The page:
Dani Smotrich-Barr, Photo Editor

Dani Smotrich-Barr, Photo Editor

Many Wesleyan students turn to Pi Café for their daily dose of caffeine. It’s well-located, has a good amount of work space, and maybe most importantly, serves fresh bagels.

But there’s actually another place to get good coffee on campus. Located on the bottom floor of Allbritton, Espwesso is a student-run coffee shop that has been serving the Wesleyan community since 2010.

Student-run is exactly what it sounds like: the students do everything.

“Fortunately, because we’re on a campus, we don’t pay rent or utilities, which is how we’re able to keep prices low and provide free drip coffee (if you bring your own mug!)” explained Noa Azulai ’19, current manager of Espwesso, in an email to The Argus. “But from sourcing milk and coffee, to hiring new workers, to (re)decorating the space, to organizing events, to addressing internal issues—it’s all us, all students. It allows us a flexibility that we wouldn’t have if we were overseen by the university. It gives us, as student workers, autonomy over our schedules, which doesn’t happen often in college.”

A student-run business like this one didn’t appear out of nowhere, founders Alex Bernson ’11 and Sophia Levan ’12 explained.

Bernson transferred to Wesleyan for the 2009-2010 school year after spending two years at Boston University and a year on the West Coast working as a barista.

“I had been a big coffee dork for a while at this point,” Bernson said. “I was dedicating a lot of my life to it so I spent a little over a year in Portland, honing my craft there, and then came to Wesleyan. So I was coming in looking to do coffee stuff with my life, basically.”

That year, Wesleyan Student Assembly (WSA) Senator Micah Feiring ’11 spearheaded a campaign to open a student-run coffee shop in the basement of Allbritton.  

“He had this dream for a long time of a more student owned and run community space-slash-café-slash-hangout kind of thing and had been trying to get it up in a few different permutations,” Bernson recounted. “He was working on that with student government.”

Feiring penned an Argus article asking if any students wanted to help him open the café.

“[The article] asked if anyone had any experience working in and running coffee shops,” explained Levan, who had the relevant experience after working at her family’s coffee roasting company and in various other coffee shops. “As far as I know, only two people actually responded to the article: Alex Bernson and me. Together the three of us secured the space, a start-up grant for the equipment, and hired the first Espwesso employees.”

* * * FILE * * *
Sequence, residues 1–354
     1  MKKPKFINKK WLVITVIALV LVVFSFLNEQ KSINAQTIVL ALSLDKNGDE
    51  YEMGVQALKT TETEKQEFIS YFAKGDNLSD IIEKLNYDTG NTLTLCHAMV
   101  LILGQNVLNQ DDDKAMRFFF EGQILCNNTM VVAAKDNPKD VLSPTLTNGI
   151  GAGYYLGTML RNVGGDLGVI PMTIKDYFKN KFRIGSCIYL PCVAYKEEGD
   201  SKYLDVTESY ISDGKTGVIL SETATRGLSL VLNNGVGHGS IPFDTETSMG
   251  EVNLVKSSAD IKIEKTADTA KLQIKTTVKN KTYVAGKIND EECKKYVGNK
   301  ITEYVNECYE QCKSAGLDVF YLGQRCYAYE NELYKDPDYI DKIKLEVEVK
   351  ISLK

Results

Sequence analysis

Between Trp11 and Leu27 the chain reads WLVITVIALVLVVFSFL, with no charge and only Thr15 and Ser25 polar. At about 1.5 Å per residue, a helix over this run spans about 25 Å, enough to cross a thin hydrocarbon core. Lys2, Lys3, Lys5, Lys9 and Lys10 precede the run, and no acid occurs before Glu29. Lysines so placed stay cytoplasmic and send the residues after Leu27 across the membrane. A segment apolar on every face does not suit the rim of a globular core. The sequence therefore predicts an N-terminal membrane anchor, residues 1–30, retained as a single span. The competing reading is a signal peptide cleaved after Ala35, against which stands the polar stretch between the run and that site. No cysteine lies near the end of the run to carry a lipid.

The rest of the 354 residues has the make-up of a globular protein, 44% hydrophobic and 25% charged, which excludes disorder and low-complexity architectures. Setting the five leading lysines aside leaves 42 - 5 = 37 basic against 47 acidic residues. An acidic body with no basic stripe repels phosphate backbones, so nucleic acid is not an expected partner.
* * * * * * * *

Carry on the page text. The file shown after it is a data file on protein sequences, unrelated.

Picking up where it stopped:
“Micah did all the politics of it, Sophie was doing the business side of it…, and I was looking after the coffee side, and training staff, and all the rest,” Bernson said.

But Espwesso’s purpose wasn’t only to serve coffee: The creators also wanted the café to be a tool for teaching students how to run a business.

“From the beginning, we focused on being financially independent and socially and environmentally conscious.” Levan said. “We met with members of the staff, local farmers, physical plant, and economics professors to think through the logistics of becoming a sustainable small business. The goal was not only to build a space for students, but also to create a work environment that students learned from and strived to participate in.”

The process of choosing the name was also student-oriented, with the name decision coming from a poll on Wesleying, the student-run blog.

Espwesso officially opened on Nov. 10, 2010, originally as a late-night option from 9 p.m.-1 a.m.

“The goal was to have a café space that was open during late hours for students to study alongside one another,” Azulai said.

Over time, however, the hours have changed. The café currently serves organic, free-trade coffee from New Harvest Coffee Roasters in Rhode Island from10 a.m. to 2 p.m. on Sundays, 8:30 a.m. to 12:30 p.m. Monday through Friday, and additional evening hours 8 p.m. to 12 a.m. Sunday through Thursday.

Espwesso ran smoothly under Levan, Bernson, and Feiring’s guidance. But all three were concerned with how to secure the coffee shop’s legacy.

Creating institutional memory is incredibly complicated in a student-run business,” Levan said. “We thought long and hard about how to pass along knowledge between generations and how to ensure that younger students entered the pipeline and were adequately trained to eventually run the shop.”

After leaving the University, the founders passed the baton to Jacob Eichengreen  ’13 and Hannah Cressy ’13, two of the original Espwesso employees. Since then, Espwesso has continued to be self-sufficient, employing students who are just as passionate about coffee as its founders.

As one might imagine, keeping Espwesso running smoothly comes with its own challenges and rewards.

“The bottom line here is that [being a student-run business] it’s really really hard,” Azulai explained. “To be essentially managing a business while taking classes is far more difficult and stressful than I ever thought it would be. When we run out of certain supplies (oat milk, for example) because of an ordering issue, or maybe simply because we forgot to place an order, it hurts the functionality of the café. But even with all the challenges, it is absolutely worth it.”


This article has been edited to reflect Espwesso’s hours this semester. They are open 10 a.m. to 2 p.m. on Sundays, not Saturdays. 


Hannah Docter-Loeb can be reached at hdocterloeb@wesleyan.edu.

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